By Erin Mathews
The Salina Journal
A question inspired by campaign ads posed to 69th District Rep. J.R. Claeys, R-Salina, and Democratic challenger Gary Swartzendruber got the first round of applause as the state government portion of the League of Women Voters' candidate forum began Tuesday night.
"I've heard some campaign ads from both of you in the last couple of weeks, and I've had too many questions (to) count about those ads," said Todd Pittenger of Salina Media Group. "I'll start out by asking about those. Two-prong question: Gary, are you a deadbeat dad? J.R., do you live in the district?"
Swartzendruber said he was not a deadbeat dad. He went through an amicable divorce 32 years ago, he said, and nine years later there was a new development related to to child support that he
"I loved my children then; I love my children now," he said.
Claeys' answer was more succinct: "Yes." At several points during the forum, Swartzendruber said something that brought audience applause.
Applause lines included:
-- On the constitutional amendment banning samesex marriage: "Here's what I really did not like at the state level: Passing a law hiding bigotry and discrimination in prayer is despicable." Claeys said that while the state should never make anyone feel ashamed to be who they are, the amendment was voted in by the people of Kansas. He said he thought religious liberties need to be respected, while at the same time the state should not be allowed to treat people "dramatically differently."
Differ on Medicaid
-- On the state's refusal to expand Medicaid benefits to cover health insurance costs for low-income families not covered by the Affordable Care Act, Swartzendruber said, "Yes, we need to expand Medicaid." Claeys said Medicaid expansion would not be appropriate right now because it's "extremely expensive" and it wouldn't do anything for the people already in the system. Swartzendruber said the state's refusal to expand the program has resulted in the loss of nearly $1 billion in federal revenue, in addition to the $1 billion the state spent to privatize the system. "We absolutely can't allow what happened to Medicaid to happen to Medicare," he said to more applause. "That would be a travesty."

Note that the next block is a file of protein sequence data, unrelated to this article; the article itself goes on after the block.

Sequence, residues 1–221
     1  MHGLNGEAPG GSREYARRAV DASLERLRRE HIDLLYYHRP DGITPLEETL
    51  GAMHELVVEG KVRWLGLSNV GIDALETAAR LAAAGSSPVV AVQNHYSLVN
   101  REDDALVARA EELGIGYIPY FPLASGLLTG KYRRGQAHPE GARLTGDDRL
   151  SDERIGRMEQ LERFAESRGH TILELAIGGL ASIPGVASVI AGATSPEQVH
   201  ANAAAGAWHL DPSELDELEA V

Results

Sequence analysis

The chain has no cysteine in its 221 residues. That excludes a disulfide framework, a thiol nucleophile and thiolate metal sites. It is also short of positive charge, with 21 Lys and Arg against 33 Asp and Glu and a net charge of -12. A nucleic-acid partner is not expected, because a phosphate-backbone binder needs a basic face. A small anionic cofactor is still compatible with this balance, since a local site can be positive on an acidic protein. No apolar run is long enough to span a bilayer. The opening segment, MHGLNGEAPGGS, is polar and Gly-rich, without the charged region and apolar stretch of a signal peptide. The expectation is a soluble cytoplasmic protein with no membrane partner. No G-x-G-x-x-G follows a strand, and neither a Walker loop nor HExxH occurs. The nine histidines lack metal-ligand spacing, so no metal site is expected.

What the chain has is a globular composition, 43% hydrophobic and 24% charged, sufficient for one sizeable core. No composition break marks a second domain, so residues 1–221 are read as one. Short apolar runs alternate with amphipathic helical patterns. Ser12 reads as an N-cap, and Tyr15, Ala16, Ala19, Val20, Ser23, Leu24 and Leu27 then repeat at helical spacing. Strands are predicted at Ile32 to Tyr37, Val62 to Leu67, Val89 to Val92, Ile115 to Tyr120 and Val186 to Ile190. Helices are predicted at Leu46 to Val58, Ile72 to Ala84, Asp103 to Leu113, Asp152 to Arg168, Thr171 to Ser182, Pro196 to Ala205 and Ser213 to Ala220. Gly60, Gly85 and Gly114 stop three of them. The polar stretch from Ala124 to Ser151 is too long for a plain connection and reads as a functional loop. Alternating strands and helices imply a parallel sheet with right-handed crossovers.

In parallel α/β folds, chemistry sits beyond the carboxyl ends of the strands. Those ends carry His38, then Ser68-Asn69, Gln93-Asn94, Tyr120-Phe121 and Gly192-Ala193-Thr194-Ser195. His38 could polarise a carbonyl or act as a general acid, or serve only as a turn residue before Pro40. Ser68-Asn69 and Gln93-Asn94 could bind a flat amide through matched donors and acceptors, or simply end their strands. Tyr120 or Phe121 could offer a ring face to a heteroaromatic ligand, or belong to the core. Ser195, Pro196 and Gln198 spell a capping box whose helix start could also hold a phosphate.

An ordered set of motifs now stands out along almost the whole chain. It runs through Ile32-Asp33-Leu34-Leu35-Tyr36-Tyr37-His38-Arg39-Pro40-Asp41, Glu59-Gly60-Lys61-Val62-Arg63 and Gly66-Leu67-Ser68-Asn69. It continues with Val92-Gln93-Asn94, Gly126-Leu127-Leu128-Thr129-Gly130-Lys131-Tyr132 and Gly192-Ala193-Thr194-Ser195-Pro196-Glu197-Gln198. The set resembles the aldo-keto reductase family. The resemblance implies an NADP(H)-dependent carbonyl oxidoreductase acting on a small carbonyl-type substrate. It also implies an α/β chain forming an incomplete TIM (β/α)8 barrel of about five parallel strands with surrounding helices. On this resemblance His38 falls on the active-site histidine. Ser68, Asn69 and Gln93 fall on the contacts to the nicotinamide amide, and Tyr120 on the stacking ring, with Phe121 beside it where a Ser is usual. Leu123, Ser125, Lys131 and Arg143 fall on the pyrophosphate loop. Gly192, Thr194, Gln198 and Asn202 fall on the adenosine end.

Top issue heard
-- On the top issue heard from constituents, Swartzendruber said, "Walking in diverse neighborhoods in the 69th, having conversations and going to meetings, the No. 1 issue is: Restore funding to education." Swartzendruber said that with the tax cuts the state has implemented, education funding cuts are inevitable, as education makes up 70 percent of the state budget. Claeys said he hears a lot about taxation -- people tired of constant property tax increases -- and about "Obamacare."
-- On selecting judges: "It's despicable to have a personal agenda so that I as governor can handpick my judges so I can avoid decisions like Gannon (a lawsuit that resulted in a requirement that state funding of schools increase) in the future," Swartzendruber said.
Claeys said he does not think a constitutional amendment to change the way Kansas Supreme Court justices are selected is likely to be pursued.
Paying child support
At one point, Swartzendruber seemed to leave the audience confused. To a question about how to crack down on parents who don't pay child support, Swartzendruber responded, "You sure don't want to penalize the most vulnerable among us by making damn sure they get drug-tested when there are lots of people who are misusing drugs a lot more, as in prescription drugs."
"Answer the question," someone from the audience called out.
Given a second chance, Swartzendruber said people need to be held accountable, as he had been held accountable, and he had paid.
Claeys said he thinks current law addresses the issue fairly well, but some improvements may be possible in enforcement on people who are self-employed. Other issues
-- State budget woes. Claeys said the state has a fairly large budget surplus but revenue projections on which that the budget is based are being missed. He indicated that job growth and economic incentives for small businesses are part of the solution.
"Higher-end tax breaks actually create jobs in the state of Kansas," Claeys said. "I don't know why we'd be against that."
Swartzendruber said 200,000 businesses no longer pay income taxes under tax changes instituted under Gov. Sam Brownback. He said the state needs to "freeze tax giveaways to special interests at the cost of everybody else."
-- Legalization of marijuana. Claeys said marijuana for recreational use should "absolutely not" be legalized, but the drug may have acceptable medical uses. Swartzendruber said he would support legalization of marijuana and certainly encourage legalization of industrial hemp.
-- Teacher tenure. Claeys said a school-finance bill passed this year was a "huge win" for Salina because it provided local property tax relief, raises for teachers and funding for all-day kindergarten.
(c)2014 The Salina Journal